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Green Day's rock opera is nothing if not ambitious



A rock opera from...Green Day? The standard take is—shock! surprise! WTF!—that nobody saw this coming from the trio of Cali punks who emerged in the '90s to sing about masturbation and how they like watching TV on their mom's couch and who scored ginormous success with an album with the giggly title of Dookie.

Never mind the fact that while Green Day was snapping off sweet pop-punk anthems about their lack of motivation, they somehow had enough energy to make eight albums, the latest of which, 21st Century Breakdown, is the even more ambitious follow-up to the ambitious blockbuster American Idiot. Really, the telegraph of Green Day's willingness to shape-shift might have come as early as 1997's Nimrod when a whole CD of snotty and blissfully short monuments to anger and frustration was upended by "Good Riddance (Time of Your Life)." That acoustic ballad would quickly become a radio staple, prom theme and a thorn in Billie Joe Armstrong's side. (He's made no secret of his detest at the popularity of the song).

It's funny, then, that 21st Century Breakdown is graced with "21 Guns," a ballad just as pretty if not prettier than "Good Riddance." It's doubly funny that "21 Guns" has already shot to the very top of Green Day's most popular songs on iTunes. Whatever the dance Armstrong and his mates feel like they have to do to maintain their punk cred is probably understandable and definitely beside the point. This little band of malcontents has grown up to become an ESPN-fueling ("Know Your Enemy" is practically unavoidable on the channel), red-meat rock act for the masses.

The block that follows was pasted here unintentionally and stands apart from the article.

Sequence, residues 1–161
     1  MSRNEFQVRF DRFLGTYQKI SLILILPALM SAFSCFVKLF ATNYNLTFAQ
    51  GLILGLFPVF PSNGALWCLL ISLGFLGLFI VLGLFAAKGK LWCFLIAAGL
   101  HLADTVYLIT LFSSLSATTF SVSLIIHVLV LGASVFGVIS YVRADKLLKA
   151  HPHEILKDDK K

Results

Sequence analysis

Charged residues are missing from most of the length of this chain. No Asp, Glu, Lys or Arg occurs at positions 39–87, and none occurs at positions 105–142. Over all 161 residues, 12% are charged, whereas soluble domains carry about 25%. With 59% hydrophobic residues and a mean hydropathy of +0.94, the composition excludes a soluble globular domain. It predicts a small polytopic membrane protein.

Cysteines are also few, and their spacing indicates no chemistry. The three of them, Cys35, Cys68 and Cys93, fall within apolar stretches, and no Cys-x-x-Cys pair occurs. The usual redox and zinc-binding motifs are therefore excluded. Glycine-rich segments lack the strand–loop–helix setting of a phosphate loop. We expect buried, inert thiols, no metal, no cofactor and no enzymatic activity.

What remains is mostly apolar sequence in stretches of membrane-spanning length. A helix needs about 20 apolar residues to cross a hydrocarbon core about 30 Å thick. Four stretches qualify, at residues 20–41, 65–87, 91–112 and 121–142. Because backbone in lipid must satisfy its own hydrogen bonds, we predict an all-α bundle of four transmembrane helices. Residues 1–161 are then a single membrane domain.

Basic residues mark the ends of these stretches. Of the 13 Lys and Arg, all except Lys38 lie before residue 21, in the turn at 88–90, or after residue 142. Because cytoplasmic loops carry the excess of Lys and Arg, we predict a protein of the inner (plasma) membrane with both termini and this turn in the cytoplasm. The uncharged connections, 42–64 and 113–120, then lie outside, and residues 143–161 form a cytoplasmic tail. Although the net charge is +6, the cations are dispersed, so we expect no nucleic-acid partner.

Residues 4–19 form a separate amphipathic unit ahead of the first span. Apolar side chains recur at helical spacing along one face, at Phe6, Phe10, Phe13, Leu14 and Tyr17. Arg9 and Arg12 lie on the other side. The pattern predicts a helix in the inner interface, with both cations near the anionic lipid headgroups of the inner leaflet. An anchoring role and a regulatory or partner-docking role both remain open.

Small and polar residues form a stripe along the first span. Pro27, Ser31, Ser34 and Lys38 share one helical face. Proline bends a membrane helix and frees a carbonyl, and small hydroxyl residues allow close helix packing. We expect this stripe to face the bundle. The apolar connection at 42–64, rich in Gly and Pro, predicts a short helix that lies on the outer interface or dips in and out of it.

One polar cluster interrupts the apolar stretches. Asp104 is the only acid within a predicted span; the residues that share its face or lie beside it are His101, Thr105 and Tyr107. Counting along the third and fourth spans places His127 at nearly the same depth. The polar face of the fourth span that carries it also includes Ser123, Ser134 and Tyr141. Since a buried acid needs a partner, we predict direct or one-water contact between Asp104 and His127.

Give Green Day credit—they aren't taking their newfound responsibility lightly. 21st Century Breakdown is larded with capital S for significance and "let's try to be Bruce Springsteen." There are three acts to this rock opera (Act 1: Heroes and Cons, Act II: Charlatans and Saints, Act III: Horseshoes and Handgrenades), which contains all manner of nods and shout-outs to our past, present and future dystopia.

Whatever. Armstong's literary cosmology lags behind his sense of tunes and his realization of rock's essential need to rush the blood and tug the heart. If you can figure out the story of the album's heroes, Christian and Gloria, then maybe you have too much time on your hands. But really, Armstrong's lyrics don't exactly beg for parsing. "I got under the grip / Between the modern hell" and "Overthrow the effigy / The vast majority / Burning down the foreman of control" are typical of the way Armstrong abstracts the details and keeps the songs from really sticking.

So while it all might not add up, fans, in their exhilaration at Green Day's grand reach and the buzz of their big guitars, won't care a whit. And it also doesn't matter if Armstrong & Co. started out as farmers or punks: They are rock kings now, and really, there could be plenty worse wearing the crowns.


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